SXSW: the extensive guide to the digital future – ignored by shipping…

Do you know how data science can help avoid the next recession? Or that by 2020 Samsung vows to connect everything they make to the internet? By then its estimated that more than 35 billion(!) devices will be connected! Following my first days in Austin for leading tech festival SXSW, I will take you through some thought-provoking questions and highlights worth reflecting upon.   

Cities are already looking into smart roads, and British authorities state that they’ll aim to take a leading role preparing for autonomous care to hit the highways by 2018. How will the new smart, connected and shareable cities help resolve their port & logistics problems? How will real-time data help us move people & cargo more efficiently? And how will transportation and logistics – hereunder shipping – be disrupted during this process? Could we finally get more cargo on keel? We heard about how we can disrupt an over-regulated industry, and how can big data enable us to predict (and perhaps avoid…?) wars. Pretty relevant for shipping, right?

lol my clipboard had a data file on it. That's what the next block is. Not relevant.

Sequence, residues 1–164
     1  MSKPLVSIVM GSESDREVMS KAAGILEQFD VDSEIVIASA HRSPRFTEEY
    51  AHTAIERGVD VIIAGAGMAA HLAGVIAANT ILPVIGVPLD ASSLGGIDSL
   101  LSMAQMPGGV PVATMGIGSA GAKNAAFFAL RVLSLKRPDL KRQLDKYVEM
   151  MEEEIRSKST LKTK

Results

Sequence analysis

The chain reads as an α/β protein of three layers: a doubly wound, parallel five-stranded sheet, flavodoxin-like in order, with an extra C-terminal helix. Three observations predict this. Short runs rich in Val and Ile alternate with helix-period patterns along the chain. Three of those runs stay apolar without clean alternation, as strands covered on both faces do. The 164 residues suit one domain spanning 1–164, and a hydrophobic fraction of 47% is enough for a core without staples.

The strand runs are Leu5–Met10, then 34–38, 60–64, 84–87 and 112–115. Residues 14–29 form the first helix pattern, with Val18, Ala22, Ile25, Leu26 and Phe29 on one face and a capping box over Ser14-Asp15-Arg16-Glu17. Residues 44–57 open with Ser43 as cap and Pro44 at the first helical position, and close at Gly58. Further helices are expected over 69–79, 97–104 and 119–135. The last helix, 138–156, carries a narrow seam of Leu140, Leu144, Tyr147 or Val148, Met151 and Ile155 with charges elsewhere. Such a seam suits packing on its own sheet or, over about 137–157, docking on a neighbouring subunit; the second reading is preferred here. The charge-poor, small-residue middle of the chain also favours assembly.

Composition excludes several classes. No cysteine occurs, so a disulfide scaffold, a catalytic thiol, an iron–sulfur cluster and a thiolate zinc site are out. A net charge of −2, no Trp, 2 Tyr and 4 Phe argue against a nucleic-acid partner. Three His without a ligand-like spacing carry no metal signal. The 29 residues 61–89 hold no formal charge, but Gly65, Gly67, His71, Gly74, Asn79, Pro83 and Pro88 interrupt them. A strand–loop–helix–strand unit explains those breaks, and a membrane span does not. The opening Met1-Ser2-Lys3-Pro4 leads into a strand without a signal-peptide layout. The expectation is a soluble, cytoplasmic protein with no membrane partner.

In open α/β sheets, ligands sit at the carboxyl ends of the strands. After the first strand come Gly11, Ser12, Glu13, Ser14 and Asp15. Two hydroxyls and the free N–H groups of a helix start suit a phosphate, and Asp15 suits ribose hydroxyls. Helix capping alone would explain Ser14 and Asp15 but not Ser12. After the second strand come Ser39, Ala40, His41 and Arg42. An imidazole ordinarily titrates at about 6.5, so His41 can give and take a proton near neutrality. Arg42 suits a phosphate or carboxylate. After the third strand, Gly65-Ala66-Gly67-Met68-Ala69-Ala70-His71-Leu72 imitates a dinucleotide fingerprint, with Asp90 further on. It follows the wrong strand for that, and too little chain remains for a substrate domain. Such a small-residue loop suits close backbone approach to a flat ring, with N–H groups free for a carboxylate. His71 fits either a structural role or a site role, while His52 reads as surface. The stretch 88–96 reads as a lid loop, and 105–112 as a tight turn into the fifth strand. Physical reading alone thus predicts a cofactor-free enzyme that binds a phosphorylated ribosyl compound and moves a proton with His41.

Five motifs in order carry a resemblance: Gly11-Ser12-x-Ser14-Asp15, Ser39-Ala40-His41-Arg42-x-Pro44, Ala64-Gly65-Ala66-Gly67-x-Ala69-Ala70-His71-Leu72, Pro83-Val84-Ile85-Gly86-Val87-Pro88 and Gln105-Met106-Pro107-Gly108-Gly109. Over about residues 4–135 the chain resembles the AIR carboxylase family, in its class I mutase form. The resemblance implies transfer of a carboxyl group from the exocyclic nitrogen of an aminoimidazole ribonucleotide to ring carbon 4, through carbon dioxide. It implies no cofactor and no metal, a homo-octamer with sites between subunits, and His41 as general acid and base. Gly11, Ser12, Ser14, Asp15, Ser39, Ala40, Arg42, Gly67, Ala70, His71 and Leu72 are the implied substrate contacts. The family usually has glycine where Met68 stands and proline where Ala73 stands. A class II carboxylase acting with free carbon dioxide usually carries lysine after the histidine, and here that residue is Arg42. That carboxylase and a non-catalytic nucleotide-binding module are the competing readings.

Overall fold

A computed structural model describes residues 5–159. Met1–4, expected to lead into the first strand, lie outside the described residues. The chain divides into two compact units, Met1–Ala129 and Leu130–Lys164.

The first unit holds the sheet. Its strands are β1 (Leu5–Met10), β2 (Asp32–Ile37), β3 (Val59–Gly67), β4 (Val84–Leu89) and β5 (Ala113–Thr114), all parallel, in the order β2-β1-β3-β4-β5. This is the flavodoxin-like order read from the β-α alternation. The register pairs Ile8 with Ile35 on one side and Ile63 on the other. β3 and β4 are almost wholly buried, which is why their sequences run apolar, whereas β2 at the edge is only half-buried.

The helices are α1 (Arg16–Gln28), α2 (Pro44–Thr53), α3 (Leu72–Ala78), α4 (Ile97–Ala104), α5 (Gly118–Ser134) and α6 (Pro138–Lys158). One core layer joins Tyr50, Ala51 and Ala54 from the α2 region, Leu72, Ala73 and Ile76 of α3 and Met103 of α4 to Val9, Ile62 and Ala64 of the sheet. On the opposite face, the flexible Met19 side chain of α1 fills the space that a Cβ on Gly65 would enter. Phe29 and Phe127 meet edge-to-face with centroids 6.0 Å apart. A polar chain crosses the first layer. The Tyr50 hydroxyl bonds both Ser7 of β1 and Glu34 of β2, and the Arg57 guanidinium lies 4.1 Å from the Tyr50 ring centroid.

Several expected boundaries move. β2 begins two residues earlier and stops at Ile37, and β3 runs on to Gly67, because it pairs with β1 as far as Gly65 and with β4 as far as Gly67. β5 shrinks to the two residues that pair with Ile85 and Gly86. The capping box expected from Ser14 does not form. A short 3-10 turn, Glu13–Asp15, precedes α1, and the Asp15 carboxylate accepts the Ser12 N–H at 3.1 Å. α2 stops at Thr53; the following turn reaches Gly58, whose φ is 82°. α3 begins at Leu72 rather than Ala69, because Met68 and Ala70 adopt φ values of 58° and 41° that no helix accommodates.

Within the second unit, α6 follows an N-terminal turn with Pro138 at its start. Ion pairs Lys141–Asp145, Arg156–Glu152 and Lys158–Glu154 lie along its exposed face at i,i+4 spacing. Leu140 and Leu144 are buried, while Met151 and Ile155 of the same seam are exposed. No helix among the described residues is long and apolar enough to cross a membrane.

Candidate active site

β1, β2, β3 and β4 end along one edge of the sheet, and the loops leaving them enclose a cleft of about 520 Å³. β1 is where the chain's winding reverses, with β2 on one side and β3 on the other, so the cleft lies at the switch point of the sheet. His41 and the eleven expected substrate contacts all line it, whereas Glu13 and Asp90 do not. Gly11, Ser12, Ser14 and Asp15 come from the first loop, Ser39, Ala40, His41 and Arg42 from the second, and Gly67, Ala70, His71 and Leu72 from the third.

When will we look towards disruptors as the digital car repair market place Engie, for inspiration on how the yards and equipment & repair players will be transformed through the full-range solution where malfunction diagnosis and real time bids from mechanics are made available to the customer through an app?

How will bitcoin’s big brother blockchain  or financial cloud services such as Uphold enable the banks to renew themselves or force them to change? And exactly how will the race among neuro science to connect machines and the human brain affect the role split between an analyst’s or broker’s brain and their hyper intelligent processor or other tools a few years from now? Who will win the race of turning big fat data into dollars in shipping?

Who will manage to serve as a connector between The Internet of all Things? Google or Huawei – or someone completely new? Could the entrepreneurs behind The Things Network (an internet network for all things that’s not requiring a 3G or WiFi connection to work) succeed in their crowdfunding campaign to release their fresh new solution in a global market? Amsterdam, Sao Paulo, Boston, Buenos Aires, Kochi and Sydney are already onboard(!) And how could this platform be utilized by our very under-connected fleet if commercial ships?  

How can we look around to see how others succeed; what would demand forecasting for a CMO in media mean to a Chief Data Officer in banking?  

What tech related stories from China will be big in the next years’ time? Looking into WeChat, we see that the owners prioritize launch in South Africa over regional releases in North East Asia, delivering a social portal that even acts as your bank, insurance company, platform for all kind of purchases++